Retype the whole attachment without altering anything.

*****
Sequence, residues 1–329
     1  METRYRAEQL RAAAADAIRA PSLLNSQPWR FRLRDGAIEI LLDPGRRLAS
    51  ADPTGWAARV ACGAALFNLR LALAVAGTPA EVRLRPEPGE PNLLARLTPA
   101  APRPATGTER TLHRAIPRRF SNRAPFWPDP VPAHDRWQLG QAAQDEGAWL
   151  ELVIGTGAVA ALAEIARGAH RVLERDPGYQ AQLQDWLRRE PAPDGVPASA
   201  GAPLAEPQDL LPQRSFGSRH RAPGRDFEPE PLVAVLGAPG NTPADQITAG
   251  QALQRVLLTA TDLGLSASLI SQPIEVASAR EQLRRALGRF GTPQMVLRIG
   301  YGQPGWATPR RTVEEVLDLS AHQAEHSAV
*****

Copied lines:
Sequence, residues 1–329
     1  METRYRAEQL RAAAADAIRA PSLLNSQPWR FRLRDGAIEI LLDPGRRLAS
    51  ADPTGWAARV ACGAALFNLR LALAVAGTPA EVRLRPEPGE PNLLARLTPA
   101  APRPATGTER TLHRAIPRRF SNRAPFWPDP VPAHDRWQLG QAAQDEGAWL
   151  ELVIGTGAVA ALAEIARGAH RVLERDPGYQ AQLQDWLRRE PAPDGVPASA
   201  GAPLAEPQDL LPQRSFGSRH RAPGRDFEPE PLVAVLGAPG NTPADQITAG
   251  QALQRVLLTA TDLGLSASLI SQPIEVASAR EQLRRALGRF GTPQMVLRIG
   301  YGQPGWATPR RTVEEVLDLS AHQAEHSAV